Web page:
A job interview is a daunting meeting. It can be stressful, intimidation and if you need the job, it can feel as though your whole future depends on that meeting. There are plenty of things you can do in your application and during the interview to help boost your chances of being selected. Additionally, you can do a few things after the interview. This helps because even if you don’t get that position, they keep you in mind when another position opens.
1. Follow up
Within 24 hours, send an e-mail thanking your interviewer for the opportunity to meet them. This e-mail should be concise. Address your interviewer directly, with an e-mail to each interviewer. If you can’t reach everyone, try to get the contact information of the senior-most person in the job description’s department who interviewed you. During the interview, ensure to ask for their contact information.
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In the e-mail, thank your interviewer then add two or three sentences expressing your interest in working for the organisation. Share something from the conversation you had that made the job more attractive to you. Conclude the email offering to answer further questions. During your interview, try to recall the important highlights from the discussion you had with the interviewers. This makes it easier to craft a follow-up email.
If you receive a rejection soon after the interview, thank your interviewer share a continued interest in working with the company, and conclude the email saying that you’d like to remain in consideration should any opportunities become available.
Avoid adding too many details. Don’t make requests that inconvenience the recruiter. The point of this communication is to make a professional connection. The recruiters have multiple candidates they’re dealing with and would struggle if they were overwhelmed with too many follow-up emails. If the job you’re applying for would be very fulfilling for you, it’s important to stand out to the recruiter so that they think of you if the job becomes available again.
Ask for feedback
If you feel like you didn’t perform particularly well during the interview, you can ask for feedback about how to improve your presentation during a job interview. When you get a confirmed rejection, send a follow-up email where you ask for feedback about your performance.
Not every job interview goes smoothly. Recruiters have specific things they inspect about your first impression, such as punctuality, dressing smart, and enthusiasm. If you were unwell or distracted by personal crises, take the time to briefly explain why you were off your game. This can give the recruiter a better chance to re-evaluate you with an interview do-over. If you are feeling unwell before an interview, contact your recruiter to explain and ask for a rescheduling. Going For A Job Interview? Here Are 7 Fashion Fails To Avoid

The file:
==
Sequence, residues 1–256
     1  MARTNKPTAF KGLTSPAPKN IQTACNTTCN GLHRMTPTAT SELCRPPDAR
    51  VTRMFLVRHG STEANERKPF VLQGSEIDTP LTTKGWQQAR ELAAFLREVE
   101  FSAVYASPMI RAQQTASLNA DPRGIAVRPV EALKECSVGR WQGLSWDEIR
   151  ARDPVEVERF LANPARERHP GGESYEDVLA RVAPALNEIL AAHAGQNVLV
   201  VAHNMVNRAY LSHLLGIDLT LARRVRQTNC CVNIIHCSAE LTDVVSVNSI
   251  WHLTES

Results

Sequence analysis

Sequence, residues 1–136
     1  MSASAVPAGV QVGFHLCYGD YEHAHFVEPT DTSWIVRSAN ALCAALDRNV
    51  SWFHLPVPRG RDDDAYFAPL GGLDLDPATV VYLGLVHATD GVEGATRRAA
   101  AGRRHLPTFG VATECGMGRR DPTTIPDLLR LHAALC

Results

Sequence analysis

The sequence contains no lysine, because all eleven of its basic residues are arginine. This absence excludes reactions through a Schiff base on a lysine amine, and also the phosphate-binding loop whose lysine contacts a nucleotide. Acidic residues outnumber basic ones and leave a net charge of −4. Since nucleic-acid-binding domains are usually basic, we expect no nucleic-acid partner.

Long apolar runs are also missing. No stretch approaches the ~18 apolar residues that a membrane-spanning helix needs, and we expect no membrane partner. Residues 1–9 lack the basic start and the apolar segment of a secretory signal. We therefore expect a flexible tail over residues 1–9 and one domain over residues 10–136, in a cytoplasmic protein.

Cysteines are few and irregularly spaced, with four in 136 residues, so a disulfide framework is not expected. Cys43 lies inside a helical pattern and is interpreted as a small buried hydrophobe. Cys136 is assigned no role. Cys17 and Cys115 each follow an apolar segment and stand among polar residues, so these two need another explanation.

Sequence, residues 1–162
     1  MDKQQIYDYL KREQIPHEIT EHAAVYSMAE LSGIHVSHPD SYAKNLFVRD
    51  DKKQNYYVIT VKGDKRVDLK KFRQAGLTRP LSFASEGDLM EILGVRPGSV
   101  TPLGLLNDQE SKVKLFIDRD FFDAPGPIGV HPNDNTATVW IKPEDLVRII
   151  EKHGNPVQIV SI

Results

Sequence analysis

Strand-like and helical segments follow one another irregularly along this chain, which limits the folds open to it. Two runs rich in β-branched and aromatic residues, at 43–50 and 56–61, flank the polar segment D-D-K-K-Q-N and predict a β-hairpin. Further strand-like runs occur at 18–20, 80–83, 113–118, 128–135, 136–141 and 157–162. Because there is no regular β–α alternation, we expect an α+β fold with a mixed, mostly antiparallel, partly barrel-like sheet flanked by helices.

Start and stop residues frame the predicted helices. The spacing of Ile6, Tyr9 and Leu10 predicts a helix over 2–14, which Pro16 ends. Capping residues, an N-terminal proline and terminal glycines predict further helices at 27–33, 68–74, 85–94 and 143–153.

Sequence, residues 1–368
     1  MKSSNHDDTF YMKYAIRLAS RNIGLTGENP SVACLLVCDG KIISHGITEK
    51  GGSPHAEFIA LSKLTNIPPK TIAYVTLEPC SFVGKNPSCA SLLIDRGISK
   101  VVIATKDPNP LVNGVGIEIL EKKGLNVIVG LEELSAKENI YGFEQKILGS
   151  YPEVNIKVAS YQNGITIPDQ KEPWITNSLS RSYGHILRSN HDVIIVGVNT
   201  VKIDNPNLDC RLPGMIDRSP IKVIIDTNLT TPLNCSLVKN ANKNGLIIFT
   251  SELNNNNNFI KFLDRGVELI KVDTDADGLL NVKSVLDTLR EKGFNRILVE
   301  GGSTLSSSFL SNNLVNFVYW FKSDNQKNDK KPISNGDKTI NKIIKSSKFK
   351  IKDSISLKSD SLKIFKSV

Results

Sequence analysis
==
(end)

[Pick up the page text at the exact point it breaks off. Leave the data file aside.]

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2. Connect with recruiters on networking sites
If you weren’t already following the company and its employees on social media, start doing so after the interview. When you see your recruiter on LinkedIn or other business-related social media, send them one message telling them you’re glad to connect and meet with them during the interview. Avoid spamming recruiters or constantly asking for information. When you receive a job rejection, be gracious, and grateful. Send them a very brief message on social media expressing that you hope to work with them again.
Connecting with the company and the recruiters also gives you a list of more people to connect with within the same industry. This helps you find more opportunities to collaborate with others and also get other job postings. Look at your recruiter’s followers. They frequently have mutuals who would be great to network with for your career.
3. Reach out to your references
Whenever you submit a CV, some recruiters may mandate adding a few professional references. Some companies contact references before calling you for an interview but this is more frequently for interviews that don’t have a large group. Many recruiters find it easier to confirm references after narrowing down candidates after an interview. It’s important to get the consent of your contacts before adding them as references. After, reach out to them to let them know they could be contacted by your recruiters.
4. Get more insights
Some companies have multiple interview processes before finally selecting a candidate. If you have connections within the company, reach out to them to get information about how to prepare for a second interview. If you’re selected, you should be prepared for any upcoming interviews. You can also use your notes from your interview to better prepare for interviews with other companies. When being interviewed for a role that has many technical skills, interviewers may ask questions about how you would deal with hypothetical situations. Evaluate your answers against what other people have posted online.
For example, if you got an interview to get a placement at a university, research your answers vis a vis other students’ answers and see where you can improve. If you are rejected, you will then know how to better answer questions. If you’re accepted, you’ll know how to better respond to a second interview process.
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